Sunday, July 3, 2016

How Not to Fall by Emily Foster

Erotica is a tricky genre for me. I know what I like & I know what I don't, and first and foremost, a work of erotica has to have good writing and a decent story. Some people can enjoy smut for the sex scenes alone - not me. Plot, or GTFO.

HOW NOT TO FALL is one of the better new adult/erotica works I've read over the last five years. It would probably make my top ten list, and would definitely make my top twenty. The writing is great, the sex scenes are great, there's dialogue and character development, the characters are both intelligent, and the author really makes a point of putting emphasis on consent.

Can I take a moment to appreciate that, actually? Because I feel like there's a belief that talking about consent is unsexy for a lot of people, in the same way that talking about contraceptives is. That it's a "mood-killer." Well, Foster shows that this doesn't have to be the case. Contraceptives AND consent are both discussed, and in all sexual encounters, both characters are enthusiastically consenting and I think that's great.

Moving on - with some mild spoilers (readers beware).

Annie works as a research assistant, and is preparing a mock dissertation before going to med school. The only problem is, she's fallen for her post-doc, British accent and ugly Oxford shirts and all. After an awkward and bumbling start, she's delighted to find that he feels the same, but he agrees to the relationship on the condition that she wait until after classes, when he's no longer officially her adviser and has no power over her grades/lab hours/etc.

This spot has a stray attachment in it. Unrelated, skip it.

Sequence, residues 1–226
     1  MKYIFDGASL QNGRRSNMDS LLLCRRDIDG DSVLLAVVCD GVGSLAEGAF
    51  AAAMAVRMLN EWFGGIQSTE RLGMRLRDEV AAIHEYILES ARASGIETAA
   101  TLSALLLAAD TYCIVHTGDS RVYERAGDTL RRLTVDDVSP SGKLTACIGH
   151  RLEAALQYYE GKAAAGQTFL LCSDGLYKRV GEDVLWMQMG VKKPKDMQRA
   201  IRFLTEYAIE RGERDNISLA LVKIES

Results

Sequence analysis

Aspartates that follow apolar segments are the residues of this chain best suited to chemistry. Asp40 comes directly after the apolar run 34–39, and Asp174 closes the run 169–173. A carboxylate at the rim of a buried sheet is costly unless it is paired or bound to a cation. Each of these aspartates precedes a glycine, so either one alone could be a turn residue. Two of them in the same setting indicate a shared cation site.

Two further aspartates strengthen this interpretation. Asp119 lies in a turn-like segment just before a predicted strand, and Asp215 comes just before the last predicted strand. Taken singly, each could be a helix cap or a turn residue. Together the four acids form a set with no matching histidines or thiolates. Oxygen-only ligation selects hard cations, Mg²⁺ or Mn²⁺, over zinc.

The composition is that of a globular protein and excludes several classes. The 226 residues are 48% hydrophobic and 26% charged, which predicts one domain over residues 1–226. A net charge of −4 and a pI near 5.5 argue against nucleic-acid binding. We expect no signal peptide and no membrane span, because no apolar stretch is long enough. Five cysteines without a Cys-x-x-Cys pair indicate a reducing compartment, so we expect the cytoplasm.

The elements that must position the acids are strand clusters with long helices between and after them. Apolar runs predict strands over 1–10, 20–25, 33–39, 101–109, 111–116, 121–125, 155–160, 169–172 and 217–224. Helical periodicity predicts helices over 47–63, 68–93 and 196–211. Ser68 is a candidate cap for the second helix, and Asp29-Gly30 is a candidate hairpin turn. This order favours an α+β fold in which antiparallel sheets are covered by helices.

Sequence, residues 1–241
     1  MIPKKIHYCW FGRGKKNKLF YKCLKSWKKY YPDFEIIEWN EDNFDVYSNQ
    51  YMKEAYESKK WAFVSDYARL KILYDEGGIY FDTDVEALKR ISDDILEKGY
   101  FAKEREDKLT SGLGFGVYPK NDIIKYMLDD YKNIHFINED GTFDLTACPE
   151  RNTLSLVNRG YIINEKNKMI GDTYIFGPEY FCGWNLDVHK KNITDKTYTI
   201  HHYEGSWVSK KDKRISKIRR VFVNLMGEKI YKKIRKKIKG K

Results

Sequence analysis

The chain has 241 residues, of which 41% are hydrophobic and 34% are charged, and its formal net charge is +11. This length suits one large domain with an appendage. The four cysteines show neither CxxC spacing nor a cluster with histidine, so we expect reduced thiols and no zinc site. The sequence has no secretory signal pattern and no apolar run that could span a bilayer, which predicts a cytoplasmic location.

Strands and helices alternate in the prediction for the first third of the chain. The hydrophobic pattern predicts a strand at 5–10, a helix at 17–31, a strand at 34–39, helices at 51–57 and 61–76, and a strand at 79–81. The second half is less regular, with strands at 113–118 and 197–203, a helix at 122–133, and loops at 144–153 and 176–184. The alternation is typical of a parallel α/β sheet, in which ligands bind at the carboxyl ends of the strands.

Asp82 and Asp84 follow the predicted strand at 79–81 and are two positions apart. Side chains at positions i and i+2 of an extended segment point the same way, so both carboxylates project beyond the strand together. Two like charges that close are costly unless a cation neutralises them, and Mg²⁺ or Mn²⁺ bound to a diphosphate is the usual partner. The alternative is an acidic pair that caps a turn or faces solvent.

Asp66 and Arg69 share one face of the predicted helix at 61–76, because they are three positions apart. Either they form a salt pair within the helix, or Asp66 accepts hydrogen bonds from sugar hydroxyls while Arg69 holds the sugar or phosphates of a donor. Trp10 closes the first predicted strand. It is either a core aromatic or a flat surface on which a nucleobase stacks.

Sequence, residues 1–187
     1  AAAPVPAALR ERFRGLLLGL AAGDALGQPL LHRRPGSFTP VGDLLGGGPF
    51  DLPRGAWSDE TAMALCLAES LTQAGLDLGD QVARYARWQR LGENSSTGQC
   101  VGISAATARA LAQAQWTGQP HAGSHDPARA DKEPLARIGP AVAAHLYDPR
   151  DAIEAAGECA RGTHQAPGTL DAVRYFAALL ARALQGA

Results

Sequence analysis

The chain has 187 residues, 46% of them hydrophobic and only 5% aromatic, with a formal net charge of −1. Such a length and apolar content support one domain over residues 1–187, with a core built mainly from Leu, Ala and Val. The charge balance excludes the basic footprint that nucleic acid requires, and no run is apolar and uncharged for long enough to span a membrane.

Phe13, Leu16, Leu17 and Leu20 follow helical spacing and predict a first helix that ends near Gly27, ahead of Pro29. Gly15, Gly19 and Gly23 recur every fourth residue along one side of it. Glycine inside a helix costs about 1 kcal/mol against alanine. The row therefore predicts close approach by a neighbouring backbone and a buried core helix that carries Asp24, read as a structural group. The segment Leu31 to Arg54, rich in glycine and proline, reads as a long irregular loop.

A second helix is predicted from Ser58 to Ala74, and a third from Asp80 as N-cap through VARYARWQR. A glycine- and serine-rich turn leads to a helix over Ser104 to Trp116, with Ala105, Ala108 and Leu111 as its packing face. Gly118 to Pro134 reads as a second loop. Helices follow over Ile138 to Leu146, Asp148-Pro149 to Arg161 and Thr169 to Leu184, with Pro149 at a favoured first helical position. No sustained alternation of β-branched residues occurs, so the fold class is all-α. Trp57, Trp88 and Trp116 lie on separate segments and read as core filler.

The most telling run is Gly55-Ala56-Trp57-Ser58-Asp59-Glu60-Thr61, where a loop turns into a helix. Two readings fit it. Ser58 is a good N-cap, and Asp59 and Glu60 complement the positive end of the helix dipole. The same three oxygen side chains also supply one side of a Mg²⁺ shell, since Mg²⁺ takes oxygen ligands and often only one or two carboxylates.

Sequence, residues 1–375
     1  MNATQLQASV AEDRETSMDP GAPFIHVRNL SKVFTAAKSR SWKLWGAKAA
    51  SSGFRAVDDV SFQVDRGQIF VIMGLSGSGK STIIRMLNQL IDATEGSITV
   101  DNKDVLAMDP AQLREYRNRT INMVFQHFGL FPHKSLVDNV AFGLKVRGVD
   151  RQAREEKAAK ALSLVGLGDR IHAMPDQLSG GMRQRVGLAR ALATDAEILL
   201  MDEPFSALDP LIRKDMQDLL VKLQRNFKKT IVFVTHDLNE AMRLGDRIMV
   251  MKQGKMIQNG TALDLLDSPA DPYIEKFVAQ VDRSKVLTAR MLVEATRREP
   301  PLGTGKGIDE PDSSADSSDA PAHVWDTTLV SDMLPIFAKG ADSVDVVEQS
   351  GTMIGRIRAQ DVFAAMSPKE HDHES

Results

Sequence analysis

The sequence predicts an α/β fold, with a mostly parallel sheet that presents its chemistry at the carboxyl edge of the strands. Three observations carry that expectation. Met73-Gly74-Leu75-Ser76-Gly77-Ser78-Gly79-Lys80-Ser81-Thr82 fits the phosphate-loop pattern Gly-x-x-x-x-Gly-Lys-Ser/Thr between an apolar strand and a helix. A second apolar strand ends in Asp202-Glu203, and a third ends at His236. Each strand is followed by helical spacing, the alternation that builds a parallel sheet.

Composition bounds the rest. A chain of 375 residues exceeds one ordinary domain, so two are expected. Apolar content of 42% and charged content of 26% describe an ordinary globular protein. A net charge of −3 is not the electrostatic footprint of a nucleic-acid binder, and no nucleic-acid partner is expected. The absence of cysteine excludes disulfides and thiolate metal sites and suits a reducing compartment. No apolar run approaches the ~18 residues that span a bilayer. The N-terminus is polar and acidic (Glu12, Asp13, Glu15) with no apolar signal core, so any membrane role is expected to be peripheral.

What follows is a lot of sex, but it's not mindless. Annie and Charles learn many things about one another, some of them charming, some painful. They engage in some light bondage, which raises further issues, like the importance of consent and the consequences of emotional surrender. This sharing creates an intimacy that comes dangerously close to love, which could lead to heartbreak because neither plan on giving up their plans for the other. Other topics of note are privilege (which was actually very mindfully done, with a self-awareness that escapes most new adult characters), obligation, self-care, love, relationships, and psychological well-being.

I started out this book with low expectations, which was a good thing because it meant that this book totally blindsided me with its awesomeness. There was a point where I thought for sure that HOW NOT TO FALL would get five stars, but it has some issues that were a bit troubling.

First off, what I liked:

Annie. She's a great heroine. She actually reminded me of me in many ways, which is great, because I don't often see heroines who remind me of me. Many people said that she was immature and naive, but that's how I was as a college student; and the way it's portrayed here is very realistically done. She wants to change the world and believes she can because she's never failed at anything in her life. She believes she can change Charles, too, and it's a little heartbreaking when she realizes she can't.